The European Court of Justice has ruled that Government protection for people who lost their pensions when schemes went bust was inadequate but has fallen short of ordering compensation.
The case will now go back to the UK High Court to seek compensation for an estimated 125,000 people who lost out when their occupational schemes were wound up.
The outcome could affect the Pension Protection Fund and potentially raise the burden for UK firms if the Government is forced to scrap its current compensation limit of 90 per cent of lost pensions and £26,000 annual cap on payouts to individuals.
Alexander Forbes Financial Services director of actuarial services Colin Mouque says: “It is possible that the Secretary of State will lose his power to reduce PPF benefits in future, which strips away the Government’s only means of controlling runaway costs, which could lead to a crippling burden on UK employers.”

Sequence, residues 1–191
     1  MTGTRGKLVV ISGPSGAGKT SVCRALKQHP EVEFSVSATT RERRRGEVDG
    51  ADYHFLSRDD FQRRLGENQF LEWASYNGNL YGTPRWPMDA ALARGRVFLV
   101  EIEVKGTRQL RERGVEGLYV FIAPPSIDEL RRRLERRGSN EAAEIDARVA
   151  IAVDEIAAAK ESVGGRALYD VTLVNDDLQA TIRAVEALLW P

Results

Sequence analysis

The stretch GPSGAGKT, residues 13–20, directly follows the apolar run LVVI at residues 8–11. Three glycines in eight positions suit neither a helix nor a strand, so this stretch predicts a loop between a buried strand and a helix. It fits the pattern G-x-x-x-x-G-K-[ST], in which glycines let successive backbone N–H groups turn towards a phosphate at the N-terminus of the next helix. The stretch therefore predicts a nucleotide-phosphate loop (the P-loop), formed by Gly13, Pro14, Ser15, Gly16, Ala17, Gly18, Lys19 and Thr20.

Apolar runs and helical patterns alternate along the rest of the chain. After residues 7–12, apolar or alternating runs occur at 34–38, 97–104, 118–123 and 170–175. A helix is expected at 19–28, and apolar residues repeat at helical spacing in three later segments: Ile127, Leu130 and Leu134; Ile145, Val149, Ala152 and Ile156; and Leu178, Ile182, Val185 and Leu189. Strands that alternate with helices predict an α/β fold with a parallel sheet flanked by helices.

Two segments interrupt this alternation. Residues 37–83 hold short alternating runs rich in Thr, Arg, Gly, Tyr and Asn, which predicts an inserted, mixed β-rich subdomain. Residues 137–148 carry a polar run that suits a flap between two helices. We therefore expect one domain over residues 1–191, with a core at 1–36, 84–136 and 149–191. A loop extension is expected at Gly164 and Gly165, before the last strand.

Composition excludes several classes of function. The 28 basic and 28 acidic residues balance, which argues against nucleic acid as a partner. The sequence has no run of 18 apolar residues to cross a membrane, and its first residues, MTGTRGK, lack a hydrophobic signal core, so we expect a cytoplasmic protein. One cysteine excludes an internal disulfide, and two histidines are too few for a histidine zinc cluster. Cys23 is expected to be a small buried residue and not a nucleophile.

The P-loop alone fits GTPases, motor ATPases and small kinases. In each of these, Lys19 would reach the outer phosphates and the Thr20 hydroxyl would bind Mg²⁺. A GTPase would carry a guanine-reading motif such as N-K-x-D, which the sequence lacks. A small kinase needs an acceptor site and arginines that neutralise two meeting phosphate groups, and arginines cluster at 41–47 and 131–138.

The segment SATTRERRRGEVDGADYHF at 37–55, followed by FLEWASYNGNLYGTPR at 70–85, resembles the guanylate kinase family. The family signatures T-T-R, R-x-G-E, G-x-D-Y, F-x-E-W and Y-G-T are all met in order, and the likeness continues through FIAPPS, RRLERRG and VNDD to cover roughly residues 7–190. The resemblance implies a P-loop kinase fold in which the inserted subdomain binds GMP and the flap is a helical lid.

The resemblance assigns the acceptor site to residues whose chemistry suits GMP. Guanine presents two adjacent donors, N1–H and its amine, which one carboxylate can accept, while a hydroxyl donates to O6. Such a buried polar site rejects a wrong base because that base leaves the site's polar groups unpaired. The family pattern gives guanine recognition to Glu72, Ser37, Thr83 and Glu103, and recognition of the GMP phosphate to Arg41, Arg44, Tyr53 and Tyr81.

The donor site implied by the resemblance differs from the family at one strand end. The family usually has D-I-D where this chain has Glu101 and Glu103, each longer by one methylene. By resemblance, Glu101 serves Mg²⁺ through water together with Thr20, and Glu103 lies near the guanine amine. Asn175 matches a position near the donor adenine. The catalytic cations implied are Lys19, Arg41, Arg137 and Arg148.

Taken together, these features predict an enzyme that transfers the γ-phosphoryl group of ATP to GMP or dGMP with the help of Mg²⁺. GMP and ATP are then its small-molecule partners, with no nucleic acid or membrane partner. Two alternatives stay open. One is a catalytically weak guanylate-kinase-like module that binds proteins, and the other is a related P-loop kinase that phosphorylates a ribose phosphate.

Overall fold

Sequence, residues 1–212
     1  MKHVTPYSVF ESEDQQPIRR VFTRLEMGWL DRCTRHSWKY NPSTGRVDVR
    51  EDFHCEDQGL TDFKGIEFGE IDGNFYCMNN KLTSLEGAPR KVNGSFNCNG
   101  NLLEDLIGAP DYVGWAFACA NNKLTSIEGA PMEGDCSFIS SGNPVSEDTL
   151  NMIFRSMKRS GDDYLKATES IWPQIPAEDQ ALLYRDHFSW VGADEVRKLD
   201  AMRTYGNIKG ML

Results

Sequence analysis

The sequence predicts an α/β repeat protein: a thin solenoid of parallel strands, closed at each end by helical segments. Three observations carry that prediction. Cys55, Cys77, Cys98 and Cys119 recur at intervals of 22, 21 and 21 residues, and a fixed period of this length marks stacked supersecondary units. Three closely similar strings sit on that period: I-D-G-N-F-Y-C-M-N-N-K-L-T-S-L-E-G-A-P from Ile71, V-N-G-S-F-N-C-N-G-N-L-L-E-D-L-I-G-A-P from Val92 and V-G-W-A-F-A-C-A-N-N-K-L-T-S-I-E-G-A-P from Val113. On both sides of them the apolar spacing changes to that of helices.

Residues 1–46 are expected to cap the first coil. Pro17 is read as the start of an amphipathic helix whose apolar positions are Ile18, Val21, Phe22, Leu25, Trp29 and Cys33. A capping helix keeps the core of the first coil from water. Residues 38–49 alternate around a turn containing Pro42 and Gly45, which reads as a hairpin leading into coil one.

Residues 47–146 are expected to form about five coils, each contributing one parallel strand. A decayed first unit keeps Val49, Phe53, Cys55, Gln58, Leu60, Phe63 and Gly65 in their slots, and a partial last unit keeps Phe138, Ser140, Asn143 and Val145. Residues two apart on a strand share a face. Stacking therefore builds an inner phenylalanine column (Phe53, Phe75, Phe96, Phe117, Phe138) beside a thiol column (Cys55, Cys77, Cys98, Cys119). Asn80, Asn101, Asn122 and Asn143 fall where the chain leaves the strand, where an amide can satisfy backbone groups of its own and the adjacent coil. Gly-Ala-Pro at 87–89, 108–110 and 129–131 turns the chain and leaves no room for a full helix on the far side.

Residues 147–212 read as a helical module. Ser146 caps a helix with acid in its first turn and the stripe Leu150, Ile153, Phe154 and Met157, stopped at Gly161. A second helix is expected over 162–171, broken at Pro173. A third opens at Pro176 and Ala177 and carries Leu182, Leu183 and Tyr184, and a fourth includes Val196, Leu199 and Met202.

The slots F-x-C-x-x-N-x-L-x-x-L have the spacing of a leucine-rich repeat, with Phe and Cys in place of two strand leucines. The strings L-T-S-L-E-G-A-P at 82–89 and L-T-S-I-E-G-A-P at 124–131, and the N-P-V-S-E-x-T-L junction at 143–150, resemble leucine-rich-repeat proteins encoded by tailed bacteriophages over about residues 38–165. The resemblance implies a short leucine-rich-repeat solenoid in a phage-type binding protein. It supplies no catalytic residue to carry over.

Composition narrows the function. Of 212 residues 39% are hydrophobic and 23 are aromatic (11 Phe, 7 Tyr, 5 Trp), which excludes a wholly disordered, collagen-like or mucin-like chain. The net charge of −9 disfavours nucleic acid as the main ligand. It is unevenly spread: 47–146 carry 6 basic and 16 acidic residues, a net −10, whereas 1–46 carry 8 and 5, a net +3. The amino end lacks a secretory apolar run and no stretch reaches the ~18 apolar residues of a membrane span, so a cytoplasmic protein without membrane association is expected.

The case was brought by unions representing employees at Allied Steel and Wire and United Engineering Forgings and rested on whether the Government should have done more to protect the schemes under the 1983 EU insolvency directive.
The court ruled that the protection regime was inadequate under the directive but said it was up to the UK courts to decide on any compensation for those who lost out.
Amicus general secretary Derek Simpson says: “We are confident that when this case returns to the UK High Court, our arguments will be upheld and our members who, through no fault of their own, lost all or substantial parts of their pensions, will be fully reimbursed.”
Conservative Shadow Work and Pensions Secretary Philip Hammond says: “Gordon Brown has done untold damage to our pension system over the last 10 years. The Government has been found guilty of maladministration by the Parliamentary Ombudsman. Now this judgment has declared the level of pension protection in the UK inadequate. Yet Gordon Brown still will not listen.”